The U.S. real estate market has seen a strong rebound in both new home sales and resales for the past two years, with prices up more than 12% nationwide in 2013. This rebound in housing has been fueled by lower prices, miniscule interest rates, hedge fund investors and foreigner buyers with cash, small improvements in the labor force, and buyers with previous foreclosures or short sales qualifying to purchase homes once again.
It was a perfect storm of bullishness for a sector that had been all been left for dead in the wake of the 2007-11 meltdown.
But as I hinted at previously, signs that a new slowdown in the real estate sector might be upon us have already begun to emerge.
Last week, the Commerce Department reported a 13.4% decline in its July new home sales report — a much-greater-than-expected drop, and the lowest reading since October 2012. A spike in interest rates to two-year highs from May through July was blamed for the bad report.
Then yesterday’s S&P Case-Shiller report showed that although June prices were up 0.9% from a year ago, there was a slight slowing of price increases from the May report. Although the report cited continued strength in the housing markets, Robert Shiller had this to say:
“In the single family realm, I think that there is a chance that there is weakening. The housing market has gotten very speculative and it goes through big cycles … It’s a rollercoaster, that’s what these markets have become.”
Shiller added that when the large hedge funds begin to sell the homes they purchased cheaply a year or two ago, the added inventory will also depress market values. While that is true, national inventory levels are at a five-month supply, which by historical standards is still below average.
But now comes word from the National Association of Realtors (NAR) that even though July pending sales were up 6.7% from a year ago, they were 1.3% lower than in June. That will translate to fewer closed sales this month and next.
And worse, there are more signs of weakening down the road for the housing market. A number of fees and other increases are going to make it more difficult for borderline borrowers to qualify for loans. These include:
- Higher interest rates from expectations of a Fed tapering are already here, and they’ll continue creeping up. Higher rates equate to higher payments on a mortgage, which discourages consumers from paying higher prices for homes.
- The Biggert-Waters Flood Insurance Reform and Modernization Act of 2012, in an effort to raise reserves for FEMA, will increase the annual limitation on flood insurance premium increases from 10% to 20% starting this October. This will raise prices for homeowners who are mandated to purchase flood insurance in certain flood-prone areas. In addition, redrawn flood maps could increase the number of homes that are determined to be at risk.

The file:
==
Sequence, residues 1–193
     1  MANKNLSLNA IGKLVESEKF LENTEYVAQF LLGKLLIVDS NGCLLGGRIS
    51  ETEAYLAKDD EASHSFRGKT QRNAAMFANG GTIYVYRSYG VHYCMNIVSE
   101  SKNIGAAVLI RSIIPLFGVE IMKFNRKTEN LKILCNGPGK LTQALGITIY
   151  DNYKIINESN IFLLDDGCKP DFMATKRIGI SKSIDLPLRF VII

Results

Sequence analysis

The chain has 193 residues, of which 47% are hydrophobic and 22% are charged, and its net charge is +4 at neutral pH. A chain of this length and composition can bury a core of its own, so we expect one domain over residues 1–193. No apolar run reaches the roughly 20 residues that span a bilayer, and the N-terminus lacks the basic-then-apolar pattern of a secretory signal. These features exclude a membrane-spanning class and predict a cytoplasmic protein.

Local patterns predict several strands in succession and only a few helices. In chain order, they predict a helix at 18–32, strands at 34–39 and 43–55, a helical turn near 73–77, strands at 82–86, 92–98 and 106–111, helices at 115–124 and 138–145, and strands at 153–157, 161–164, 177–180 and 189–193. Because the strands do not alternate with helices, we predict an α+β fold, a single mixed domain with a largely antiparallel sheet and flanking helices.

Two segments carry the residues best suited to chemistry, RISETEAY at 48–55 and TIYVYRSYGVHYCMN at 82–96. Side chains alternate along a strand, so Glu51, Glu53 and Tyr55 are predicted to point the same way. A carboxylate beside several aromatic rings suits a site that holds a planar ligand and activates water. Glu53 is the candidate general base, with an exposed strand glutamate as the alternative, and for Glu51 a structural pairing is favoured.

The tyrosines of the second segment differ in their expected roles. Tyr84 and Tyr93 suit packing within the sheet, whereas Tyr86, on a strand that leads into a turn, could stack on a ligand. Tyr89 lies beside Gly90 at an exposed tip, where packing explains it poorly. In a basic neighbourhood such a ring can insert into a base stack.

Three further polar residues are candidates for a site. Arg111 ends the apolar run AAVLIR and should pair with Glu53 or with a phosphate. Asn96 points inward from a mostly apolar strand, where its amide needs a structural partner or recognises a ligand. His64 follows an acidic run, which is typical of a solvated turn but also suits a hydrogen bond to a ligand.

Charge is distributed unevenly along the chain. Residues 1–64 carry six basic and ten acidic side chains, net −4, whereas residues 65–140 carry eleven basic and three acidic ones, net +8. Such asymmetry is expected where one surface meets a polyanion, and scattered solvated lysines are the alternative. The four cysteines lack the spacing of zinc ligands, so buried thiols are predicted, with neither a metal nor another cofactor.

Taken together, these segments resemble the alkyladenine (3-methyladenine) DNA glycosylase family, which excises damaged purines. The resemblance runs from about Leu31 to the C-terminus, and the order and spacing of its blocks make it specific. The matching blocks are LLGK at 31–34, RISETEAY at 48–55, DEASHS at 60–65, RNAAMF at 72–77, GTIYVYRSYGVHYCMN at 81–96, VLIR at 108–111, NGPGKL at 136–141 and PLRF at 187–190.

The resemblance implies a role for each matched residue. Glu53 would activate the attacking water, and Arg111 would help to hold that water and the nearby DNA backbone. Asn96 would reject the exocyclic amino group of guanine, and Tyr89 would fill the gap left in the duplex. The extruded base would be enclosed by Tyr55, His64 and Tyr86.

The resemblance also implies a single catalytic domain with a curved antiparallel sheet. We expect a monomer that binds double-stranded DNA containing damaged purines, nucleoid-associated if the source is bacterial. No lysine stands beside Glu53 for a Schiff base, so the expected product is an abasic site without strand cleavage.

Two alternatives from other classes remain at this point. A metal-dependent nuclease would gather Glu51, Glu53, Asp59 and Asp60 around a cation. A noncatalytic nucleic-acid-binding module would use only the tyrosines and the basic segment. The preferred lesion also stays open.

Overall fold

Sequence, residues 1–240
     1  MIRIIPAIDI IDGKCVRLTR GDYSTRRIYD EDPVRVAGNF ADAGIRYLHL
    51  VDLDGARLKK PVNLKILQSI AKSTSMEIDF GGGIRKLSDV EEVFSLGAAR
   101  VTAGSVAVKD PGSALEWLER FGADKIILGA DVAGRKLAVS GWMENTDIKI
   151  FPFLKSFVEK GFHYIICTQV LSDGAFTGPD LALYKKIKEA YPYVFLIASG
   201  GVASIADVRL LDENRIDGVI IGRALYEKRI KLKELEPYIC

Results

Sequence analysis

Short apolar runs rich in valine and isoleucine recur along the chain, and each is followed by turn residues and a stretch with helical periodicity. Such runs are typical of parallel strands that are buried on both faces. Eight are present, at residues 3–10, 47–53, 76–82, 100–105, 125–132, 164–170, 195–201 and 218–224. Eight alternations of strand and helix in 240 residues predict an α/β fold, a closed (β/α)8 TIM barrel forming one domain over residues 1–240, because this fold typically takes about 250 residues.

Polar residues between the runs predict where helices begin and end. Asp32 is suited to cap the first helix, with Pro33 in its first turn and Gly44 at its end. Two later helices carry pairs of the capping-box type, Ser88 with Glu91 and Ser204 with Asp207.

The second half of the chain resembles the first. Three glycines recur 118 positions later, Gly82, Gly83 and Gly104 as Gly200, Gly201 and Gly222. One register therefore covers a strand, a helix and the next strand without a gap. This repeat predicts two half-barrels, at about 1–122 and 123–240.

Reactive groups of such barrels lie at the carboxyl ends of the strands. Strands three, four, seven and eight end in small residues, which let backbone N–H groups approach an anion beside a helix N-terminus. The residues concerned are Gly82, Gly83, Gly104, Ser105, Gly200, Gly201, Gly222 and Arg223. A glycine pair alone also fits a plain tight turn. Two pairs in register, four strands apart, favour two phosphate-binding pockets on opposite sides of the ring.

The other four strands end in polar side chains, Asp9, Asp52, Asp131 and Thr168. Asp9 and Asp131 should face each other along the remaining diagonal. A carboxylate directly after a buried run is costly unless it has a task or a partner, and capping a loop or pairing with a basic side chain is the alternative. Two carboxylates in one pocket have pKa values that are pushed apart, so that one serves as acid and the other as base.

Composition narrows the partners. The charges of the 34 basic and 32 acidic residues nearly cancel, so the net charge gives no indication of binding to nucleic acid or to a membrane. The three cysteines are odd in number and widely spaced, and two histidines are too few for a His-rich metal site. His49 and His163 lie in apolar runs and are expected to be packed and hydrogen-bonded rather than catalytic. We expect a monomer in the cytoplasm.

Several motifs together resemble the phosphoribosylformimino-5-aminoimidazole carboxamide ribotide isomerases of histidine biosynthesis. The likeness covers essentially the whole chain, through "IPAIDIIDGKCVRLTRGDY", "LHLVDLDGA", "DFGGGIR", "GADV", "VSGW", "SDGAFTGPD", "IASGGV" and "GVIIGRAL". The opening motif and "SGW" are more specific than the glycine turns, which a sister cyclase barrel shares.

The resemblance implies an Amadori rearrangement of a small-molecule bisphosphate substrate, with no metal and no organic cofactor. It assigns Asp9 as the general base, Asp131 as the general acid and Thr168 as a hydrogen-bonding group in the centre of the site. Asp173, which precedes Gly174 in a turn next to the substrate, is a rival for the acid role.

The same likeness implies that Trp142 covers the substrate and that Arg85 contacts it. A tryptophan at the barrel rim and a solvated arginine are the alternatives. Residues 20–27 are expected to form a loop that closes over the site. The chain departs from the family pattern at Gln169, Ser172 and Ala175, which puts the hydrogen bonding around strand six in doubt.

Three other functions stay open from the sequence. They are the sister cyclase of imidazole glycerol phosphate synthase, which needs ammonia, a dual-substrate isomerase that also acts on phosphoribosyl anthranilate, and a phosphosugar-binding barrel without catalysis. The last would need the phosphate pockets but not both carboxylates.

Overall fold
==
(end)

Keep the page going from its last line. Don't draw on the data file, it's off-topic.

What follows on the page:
- Homeowners insurance rates have also risen in recent years. Between 2003 and 2010, the average homeowner insurance was up 36%, and areas on the east and southeastern coasts of the U.S. — where hurricane potential is the greatest — continue to rise every year.
- FHA increases in Mortgage Insurance Premium costs were initiated in 2012, increasing the upfront fees from 1% to 1.75%. They also raised the monthly PMI by almost $10 per month for a $100,000 home. This could set the stage for increases in other non-FHA loans as well.
- Local tax rates are climbing as homes are reassessed, following the 12% price home price increases seen in the last year.
- Debt-to-income ratios, currently permitted by law to go as high as 57% for owner occupants, are the subject of much debate, as regulators have hinted at plans to cap DTI at 43%. The feeling is that lower DTI ratios will reduce default rates. However, when DTI ratios are reduced, consumers are forced to either buy cheaper homes, or to wait until they pay down debt to buy more expensive ones.
All of these measures will impact the prices of homes that consumers can purchase, and soften the bids made on listed properties as well.
Of course, employment is the most important determinant of housing. Unfortunately, the implementation of Obamacare in a few months already has many businesses announcing cuts in the hours of previously full-time employees. Other companies are waiting to see how the new health care laws will impact their bottom lines before hiring new workers. This does not bode well for the real estate market.
Given these headwinds, investors should be cautious in selecting any real estate-related stocks, especially homebuilders. While investors might continue to buy foreclosures and short sales, it is typically the first-time owner occupants who are buying brand new homes.
The good news is homebuilder stocks have already been crushed during the past few months. Toll Brothers (TOL) is off roughly 20% from its May heights, while D.R. Horton (DHI) and KB Home (KBH) are each off about 30%.
The bad news is that while these stocks could produce an oversold bounce, the conditions mentioned above are likely to keep this sector a market laggard over the next four to six months.
So for now, stay away from homebuilder stocks until you see improvements in employment numbers, coupled with a loosening of fees and restrictions upon the mortgage industry.
Of course, given recent history, it’s doubtful either will occur anytime soon.
As of this writing, Ethan Roberts did not hold a position in any of the aforementioned securities.